But can we find enough developers out there to form a new team? Yes we can, but first, I would suggest a simple experiment. Before hiring more people, consider a prof of concept with current engineers to see how fast they can get Go. The authors designed Go for readability, creating a compact language with fewer elements, yet using a syntax familiar to Java, C#, and C developers. It is highly probable they will rich some level of comfort within a day. In a week, searching for examples on the Internet, they will have a running prototype. In two weeks, talking to the community, they will improve the design. In a month, they will get it covered with tests. Ask them how they feel compared to the established languages. My guess is that they will feel so productive and empowered that it will reduce their demand for more engineers. Maybe just one Sr. Go engineer to boost speed and design. As indirect benefit, the engineers will embrace the spirit of simplicity and try to apply it to Java projects as well, vastly simplifying them.

Still, how reliable is Go for our critical business needs? The good news is that you are probably already using Go applications in your critical systems. Technologies like Docker, Kubernetes, and Terraform are developed in Go. They are the state of the art in automation, scalability, portability, and robustness. Large companies such as Google, Uber, Dailymotion, SendGrid, BBC, Dropbox, SoundCloud, Salesforce, and others rely on Go to deliver critical services. Countless startups are using Go to inovate and pivot their products fast while keeping costs low.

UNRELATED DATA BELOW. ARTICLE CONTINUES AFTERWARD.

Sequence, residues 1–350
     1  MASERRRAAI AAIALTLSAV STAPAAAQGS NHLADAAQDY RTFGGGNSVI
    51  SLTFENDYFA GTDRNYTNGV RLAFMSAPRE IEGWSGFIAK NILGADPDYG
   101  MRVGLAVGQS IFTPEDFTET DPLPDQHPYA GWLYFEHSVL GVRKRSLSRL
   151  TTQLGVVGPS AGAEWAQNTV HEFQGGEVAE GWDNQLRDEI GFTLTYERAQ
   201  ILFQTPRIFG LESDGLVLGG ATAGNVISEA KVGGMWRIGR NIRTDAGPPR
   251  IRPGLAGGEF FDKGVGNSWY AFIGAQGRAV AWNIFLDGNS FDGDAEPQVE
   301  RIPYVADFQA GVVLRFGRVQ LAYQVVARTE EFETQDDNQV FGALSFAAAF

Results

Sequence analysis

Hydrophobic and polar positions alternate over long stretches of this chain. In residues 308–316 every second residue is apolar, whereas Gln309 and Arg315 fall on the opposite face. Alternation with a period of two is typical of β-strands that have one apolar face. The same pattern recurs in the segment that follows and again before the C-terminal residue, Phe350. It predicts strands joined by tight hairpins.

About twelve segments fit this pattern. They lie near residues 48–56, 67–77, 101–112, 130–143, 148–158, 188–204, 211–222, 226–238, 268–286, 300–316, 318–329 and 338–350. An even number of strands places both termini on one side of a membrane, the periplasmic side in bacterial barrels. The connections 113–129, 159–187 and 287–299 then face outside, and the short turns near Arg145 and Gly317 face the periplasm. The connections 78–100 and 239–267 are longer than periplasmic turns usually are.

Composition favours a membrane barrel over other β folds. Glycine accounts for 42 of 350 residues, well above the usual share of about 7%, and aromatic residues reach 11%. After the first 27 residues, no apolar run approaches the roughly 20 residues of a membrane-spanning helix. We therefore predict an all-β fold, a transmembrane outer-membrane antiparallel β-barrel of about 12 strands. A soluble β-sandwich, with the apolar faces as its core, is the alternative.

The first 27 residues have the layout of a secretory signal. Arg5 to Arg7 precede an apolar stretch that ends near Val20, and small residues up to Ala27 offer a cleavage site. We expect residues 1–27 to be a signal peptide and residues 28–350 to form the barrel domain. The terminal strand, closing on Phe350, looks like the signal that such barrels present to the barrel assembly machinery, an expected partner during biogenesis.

In a more operational level, VSCode has an excellent support for Go and JetBrains even provides a specialized IDE called Goland. The support for unit testing is native in the Go tool-chain and the community embraces it as the de-facto way of writing tests, which is very different from the ocean of possibilities in the Java platform. It also comes with coverage and benchmarking integrated. No extra installation needed. Go also comes with its own build and packaging. Actually, when we compile the project we always get an executable file ready for deployment. No need for extra tools like Maven, Gradle, and Leiningen. In the area of code quality, Go is supported by Sonaqube without extra plugins. It offers automatic code formatting so programmers do not debate about code style. It is really hard to have this kind of agreement and Go made it happen. In terms of observability, New Relic and App Dynamics also support Go.

I can keep going on and on, but I think at this point you had enough evidences of the piece of mind Go can bring to your business. As a case study, consider watching Dylan Meeus’ talk at Devoxx 2019: